France's leading farmer’s union, FNSEA has called on its members to mobilize on Tuesday in a day of protest against the planned “Ecotax” on heavy goods vehicles.
FNSEA has called for “general and national” action against the new tax, which is set to come into force on January 1st as part of the 2014 budget. Transport unions were also set to add their weight to the protests.
FNSEA describes the levy as an “usine à gaz”, a French term used to described a complicated legal labyrinth and says it will further harm the already-beleaguered farming industry in regions like Brittany, which have been particularly hard-hit by the economic crisis.
FNSEA want the tax suspended immediately.
Actions planned for Tuesday include “filters” or "dams" on certain roads, where union members will try to get the message across to motorists that the government’s plan will be bad for the public as well as for the farming industry.
The "filters" will be set up in around 40 locations across France and are likely to cause huge disruption to traffic.
“We will set up these filters for educational purposes to alert motorists to the fact that salad produced half an hour away will soon be taxed more than a salad imported from Kenya,” one union member told Le Figaro newspaper anonymously.
“Economically it is intolerable. For the producers in the Ile de France region this tax will represent an added cost of €250,000 a year.”
Under the scheme, lorries will be taxed as they pass through electronic “portiques” or scanners, while they deliver products and produce around France.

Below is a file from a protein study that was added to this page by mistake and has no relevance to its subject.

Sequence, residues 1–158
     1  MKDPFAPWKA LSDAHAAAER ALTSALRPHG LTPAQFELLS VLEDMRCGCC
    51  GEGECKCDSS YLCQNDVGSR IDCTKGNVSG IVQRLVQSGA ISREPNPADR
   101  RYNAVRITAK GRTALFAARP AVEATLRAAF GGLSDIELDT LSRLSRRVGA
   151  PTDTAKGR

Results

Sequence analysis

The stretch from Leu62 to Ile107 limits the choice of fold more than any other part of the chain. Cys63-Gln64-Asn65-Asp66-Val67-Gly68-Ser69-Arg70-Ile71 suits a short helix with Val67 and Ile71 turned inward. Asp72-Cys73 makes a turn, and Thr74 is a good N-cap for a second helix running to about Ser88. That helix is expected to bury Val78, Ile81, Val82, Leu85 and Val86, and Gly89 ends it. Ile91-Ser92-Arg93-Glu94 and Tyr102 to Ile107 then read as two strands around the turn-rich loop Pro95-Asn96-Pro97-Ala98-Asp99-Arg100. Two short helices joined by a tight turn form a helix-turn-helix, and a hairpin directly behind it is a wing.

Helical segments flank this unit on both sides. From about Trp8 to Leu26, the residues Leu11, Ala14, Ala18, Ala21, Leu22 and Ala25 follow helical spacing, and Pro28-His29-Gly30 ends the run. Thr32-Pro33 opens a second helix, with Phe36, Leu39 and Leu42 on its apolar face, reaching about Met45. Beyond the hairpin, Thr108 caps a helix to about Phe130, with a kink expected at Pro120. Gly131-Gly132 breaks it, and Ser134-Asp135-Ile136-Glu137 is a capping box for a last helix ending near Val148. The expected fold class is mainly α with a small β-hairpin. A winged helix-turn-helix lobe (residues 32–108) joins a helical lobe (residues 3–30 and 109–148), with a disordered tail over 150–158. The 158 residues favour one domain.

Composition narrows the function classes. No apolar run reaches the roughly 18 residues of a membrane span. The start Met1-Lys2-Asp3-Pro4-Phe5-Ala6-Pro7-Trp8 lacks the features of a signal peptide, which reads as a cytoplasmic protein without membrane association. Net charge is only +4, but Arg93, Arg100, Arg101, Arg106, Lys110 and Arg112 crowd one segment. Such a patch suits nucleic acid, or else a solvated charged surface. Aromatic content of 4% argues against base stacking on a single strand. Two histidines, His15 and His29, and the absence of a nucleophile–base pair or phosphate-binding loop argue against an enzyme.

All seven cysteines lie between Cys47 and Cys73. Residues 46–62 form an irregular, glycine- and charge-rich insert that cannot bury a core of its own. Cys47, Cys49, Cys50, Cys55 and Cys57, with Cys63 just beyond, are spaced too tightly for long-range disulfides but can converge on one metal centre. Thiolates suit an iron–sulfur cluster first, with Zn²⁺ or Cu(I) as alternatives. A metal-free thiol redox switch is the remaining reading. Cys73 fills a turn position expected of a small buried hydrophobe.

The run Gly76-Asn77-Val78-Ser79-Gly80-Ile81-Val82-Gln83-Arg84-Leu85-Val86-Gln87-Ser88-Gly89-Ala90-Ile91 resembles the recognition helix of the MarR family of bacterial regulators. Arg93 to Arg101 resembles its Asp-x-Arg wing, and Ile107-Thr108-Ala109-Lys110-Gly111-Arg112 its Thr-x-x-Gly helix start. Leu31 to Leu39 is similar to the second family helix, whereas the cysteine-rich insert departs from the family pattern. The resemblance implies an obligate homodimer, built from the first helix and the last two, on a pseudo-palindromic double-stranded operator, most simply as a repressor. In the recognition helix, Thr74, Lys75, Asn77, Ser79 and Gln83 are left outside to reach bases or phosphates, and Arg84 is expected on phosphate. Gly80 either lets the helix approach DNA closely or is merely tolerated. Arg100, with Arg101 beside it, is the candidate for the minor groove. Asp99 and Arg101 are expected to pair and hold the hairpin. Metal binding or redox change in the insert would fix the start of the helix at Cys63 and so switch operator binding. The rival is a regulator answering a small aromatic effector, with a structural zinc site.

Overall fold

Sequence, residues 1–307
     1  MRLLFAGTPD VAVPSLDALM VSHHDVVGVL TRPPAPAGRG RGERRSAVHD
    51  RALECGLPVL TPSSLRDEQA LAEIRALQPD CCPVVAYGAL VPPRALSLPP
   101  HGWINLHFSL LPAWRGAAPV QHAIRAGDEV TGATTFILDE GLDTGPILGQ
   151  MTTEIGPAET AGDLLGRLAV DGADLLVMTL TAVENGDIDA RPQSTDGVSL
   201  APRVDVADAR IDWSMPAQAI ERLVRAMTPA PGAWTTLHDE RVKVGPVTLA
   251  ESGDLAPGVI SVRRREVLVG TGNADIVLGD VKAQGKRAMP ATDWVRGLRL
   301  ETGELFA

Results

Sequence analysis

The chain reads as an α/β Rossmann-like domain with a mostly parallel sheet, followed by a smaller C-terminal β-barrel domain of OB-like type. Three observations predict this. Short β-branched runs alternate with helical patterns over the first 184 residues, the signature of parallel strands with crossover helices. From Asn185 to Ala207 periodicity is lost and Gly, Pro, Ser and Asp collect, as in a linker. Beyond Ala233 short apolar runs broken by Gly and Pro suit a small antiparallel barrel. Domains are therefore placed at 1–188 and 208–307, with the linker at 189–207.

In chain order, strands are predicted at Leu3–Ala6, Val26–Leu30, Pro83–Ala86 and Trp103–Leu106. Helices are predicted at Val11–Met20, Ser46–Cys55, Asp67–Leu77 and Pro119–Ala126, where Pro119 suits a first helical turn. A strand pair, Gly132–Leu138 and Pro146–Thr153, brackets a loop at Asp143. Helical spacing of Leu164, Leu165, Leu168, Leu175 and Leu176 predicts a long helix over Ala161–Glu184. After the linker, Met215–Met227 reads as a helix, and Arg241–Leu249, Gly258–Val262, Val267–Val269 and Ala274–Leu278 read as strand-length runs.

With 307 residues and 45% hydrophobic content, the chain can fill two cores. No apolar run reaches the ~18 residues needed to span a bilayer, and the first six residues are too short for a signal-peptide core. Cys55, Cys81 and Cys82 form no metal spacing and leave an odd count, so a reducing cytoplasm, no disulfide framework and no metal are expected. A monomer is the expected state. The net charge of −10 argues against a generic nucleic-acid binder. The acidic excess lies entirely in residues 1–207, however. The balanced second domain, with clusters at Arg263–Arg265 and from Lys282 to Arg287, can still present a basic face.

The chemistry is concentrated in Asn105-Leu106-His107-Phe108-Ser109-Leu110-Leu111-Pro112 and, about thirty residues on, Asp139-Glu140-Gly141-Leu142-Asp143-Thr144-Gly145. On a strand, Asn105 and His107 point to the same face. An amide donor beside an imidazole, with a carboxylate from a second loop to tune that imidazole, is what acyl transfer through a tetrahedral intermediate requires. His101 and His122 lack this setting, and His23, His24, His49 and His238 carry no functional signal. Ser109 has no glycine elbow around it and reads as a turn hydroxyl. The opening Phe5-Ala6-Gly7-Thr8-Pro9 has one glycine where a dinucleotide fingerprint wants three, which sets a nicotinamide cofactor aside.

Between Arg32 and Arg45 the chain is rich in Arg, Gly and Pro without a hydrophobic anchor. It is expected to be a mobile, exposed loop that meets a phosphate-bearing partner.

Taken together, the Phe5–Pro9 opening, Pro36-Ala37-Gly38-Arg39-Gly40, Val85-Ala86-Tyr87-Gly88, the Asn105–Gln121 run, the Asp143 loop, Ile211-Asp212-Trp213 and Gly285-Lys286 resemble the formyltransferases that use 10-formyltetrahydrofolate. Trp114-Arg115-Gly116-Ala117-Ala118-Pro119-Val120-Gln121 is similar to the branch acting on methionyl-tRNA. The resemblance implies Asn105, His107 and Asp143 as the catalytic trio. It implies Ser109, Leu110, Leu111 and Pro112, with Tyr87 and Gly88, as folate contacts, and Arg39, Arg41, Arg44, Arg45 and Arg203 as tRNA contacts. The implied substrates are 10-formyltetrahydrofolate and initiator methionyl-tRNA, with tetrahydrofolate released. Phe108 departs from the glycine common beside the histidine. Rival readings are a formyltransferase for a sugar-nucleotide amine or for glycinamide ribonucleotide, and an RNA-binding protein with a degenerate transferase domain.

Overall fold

Tuesday's protest will target these “portiques," already in place in preparation for launch of the new ecotax scheme.
President of the FNSEA, Xavier Beulin told Europe1: “There will be symbolic action. We will cover the signs and the scanners that will flash the lorries as they pass by.”
The Ecotax, which was first put forward under the presidency of Nicolas Sarkozy, must be paid by all trucks, both French and foreign, travelling on certain roads. Toll roads like certain autoroutes are excluded from the scheme.
The aim is to encourage companies to use greener forms of transport and opt for shorter journeys, where possible.
Dominique Barrau, the secretary-general of the FNSEA, has complained that “some French products will pass through the gates five times compared to those that come from abroad, which will only pay when they arrive in the territory.”
Under the plan, all heavy goods vehicles over 3.5 tonnes will have to pay. A total of 10,000 km of motorways, national roads and 5,000 km of county or municipal roads will be included in the scheme.
Certain vehicles used for the good of the general public like fire engines and police trucks are exempt from the tax.
All vehicles that are liable for the tax must be equipped with an On Board Unit (OBU) which will calculate the amount of eco-tax due based on the distance travelled and which roads were taken.
For more information about the tax on heavy goods vehicles in France and how it must be paid you can CLICK HERE.